Keeping the Magic Alive at the Red Rooster Coffee House

While many of you may have been attending all the exciting events on the East Coast surrounding the Fantastic Beasts and Where to Find Them premiere, the Red Rooster Coffee House in Aberdeen, South Dakota, was showing us that Potter fever is still alive and well even in the smallest of towns.

The Red Rooster held its second annual Harry Potter Party on Saturday, November 12, 2016. The event began at 7:30 p.m. CT and included wizarding snacks such as butterbeer, Pumpkin Pasties, Fizzing Whizbees, and pretzel wands. A trolley witch pushed around carts of sweets to everyone in attendance, and they even had a Gringotts Food Bank, where they had people bring food donations for the homeless shelter.

Guests were greeted at the door by the Sorting Hat, where they could sit and take the Pottermore quiz to be Sorted into their individual Houses. About an hour into the night, the event kicked off a game of Harry Potter Jeopardy!, where everyone who wanted to participate got a chance to show off their wizarding knowledge. Following Jeopardy!, they showed a series of fan-made versions of the Harry Potter films featuring local actors. There was also a craft table going all night for people to create their own wands and fantastic beasts!

The event drew a crowd of over 100 people of all ages, many of whom wore costumes. The small coffee house was filled with miniature Harrys and Hermiones, Death Eaters, and even a Dolores Umbridge!

Zion Cleberg, age 12, expressed her love for the series, saying,

I was introduced to Harry Potter by my mom when I was 6, probably, and I read all the books. It means a lot to me because I can always go back to that, and there is always going to be somebody else in the world who will like the series also, and there will always be somebody I can relate to. It’s just a really cool thing, and everyone who likes it is pretty much really nice.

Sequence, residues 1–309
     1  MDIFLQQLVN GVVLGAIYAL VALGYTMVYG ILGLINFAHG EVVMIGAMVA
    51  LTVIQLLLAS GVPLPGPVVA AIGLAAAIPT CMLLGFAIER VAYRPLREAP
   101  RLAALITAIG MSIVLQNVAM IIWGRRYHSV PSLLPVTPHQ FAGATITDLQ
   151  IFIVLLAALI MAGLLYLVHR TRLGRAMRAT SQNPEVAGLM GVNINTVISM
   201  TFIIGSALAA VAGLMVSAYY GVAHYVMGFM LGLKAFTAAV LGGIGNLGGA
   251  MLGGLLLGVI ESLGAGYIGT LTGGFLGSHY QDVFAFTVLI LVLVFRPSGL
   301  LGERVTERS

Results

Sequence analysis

Terra McQuillen, an English teacher at the local high school, also had high praises for the series.

I first got into Harry Potter when my mom brought home this trilogy of books for Christmas, I think in either 2000 or 2001, and said, ‘I heard about this on NPR, and I think that you absolutely have to read them.’ So I binge-read the first 3 and fell in love with them and then followed the series through. When I got into my English degree, I started analyzing it from an archetypal standpoint and looking at the heroes’ journeys and realizing that J.K. Rowling as a goddess in her own right. She is legitimately one of the most phenomenal writers, even in terms of classical literature.

And also realizing that Harry Potter is the myth of this generation that we really needed of someone who overcomes dark forces, even against great odds.

The Red Rooster has been dedicated to embracing everyone’s differences and accepting people for who they are for the past 20 years.

Dan Cleberg, one of the co-owners of the Red Rooster, told us,

My first memory of Harry Potter was religious people condemning the story as evil. I brought a friend who has disabilities to see Sorcerer’s Stone while we were on a visit to the Mayo Clinic to look into some serious health problems he was having. We saw nothing evil about it. There were many positive things in the story that we connected together on. Later, when my daughter started reading the series, I started to broaden my appreciation. Strong female characters, the value of sacrifice, love, loyalty, and the reality of death and loss are some of the themes that I was glad she was being exposed to. As she got older and became connected to others in fandoms, I saw the beauty of community around the love of these positive stories. I decided to help facilitate the warm, family-like vibe in fandoms like Harry Potter by starting a group called the Fandom Alliance that throws parties and hosts other fandom based projects and events.

The event was certainly one for the books. To check out the festivities, see the gallery below.